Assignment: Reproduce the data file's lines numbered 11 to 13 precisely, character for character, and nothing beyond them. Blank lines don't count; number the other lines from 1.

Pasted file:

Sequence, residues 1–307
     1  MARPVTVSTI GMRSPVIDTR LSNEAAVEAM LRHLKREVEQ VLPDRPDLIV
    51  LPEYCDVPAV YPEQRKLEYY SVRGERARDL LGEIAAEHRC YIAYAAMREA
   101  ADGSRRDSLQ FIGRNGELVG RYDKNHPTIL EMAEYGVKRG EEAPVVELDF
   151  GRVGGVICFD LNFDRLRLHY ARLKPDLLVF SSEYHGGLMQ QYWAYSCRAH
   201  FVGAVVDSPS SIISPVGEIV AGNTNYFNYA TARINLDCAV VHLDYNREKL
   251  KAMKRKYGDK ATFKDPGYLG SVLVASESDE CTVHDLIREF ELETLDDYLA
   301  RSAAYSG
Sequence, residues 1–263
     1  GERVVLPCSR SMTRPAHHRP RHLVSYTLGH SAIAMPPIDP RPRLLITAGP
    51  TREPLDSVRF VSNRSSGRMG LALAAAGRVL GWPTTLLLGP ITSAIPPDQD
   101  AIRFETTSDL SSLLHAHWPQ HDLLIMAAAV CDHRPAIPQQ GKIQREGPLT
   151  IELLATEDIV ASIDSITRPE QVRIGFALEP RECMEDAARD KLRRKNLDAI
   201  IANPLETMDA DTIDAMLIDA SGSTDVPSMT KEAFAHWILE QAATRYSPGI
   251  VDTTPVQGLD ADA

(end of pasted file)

    51  TREPLDSVRF VSNRSSGRMG LALAAAGRVL GWPTTLLLGP ITSAIPPDQD
   101  AIRFETTSDL SSLLHAHWPQ HDLLIMAAAV CDHRPAIPQQ GKIQREGPLT
   151  IELLATEDIV ASIDSITRPE QVRIGFALEP RECMEDAARD KLRRKNLDAI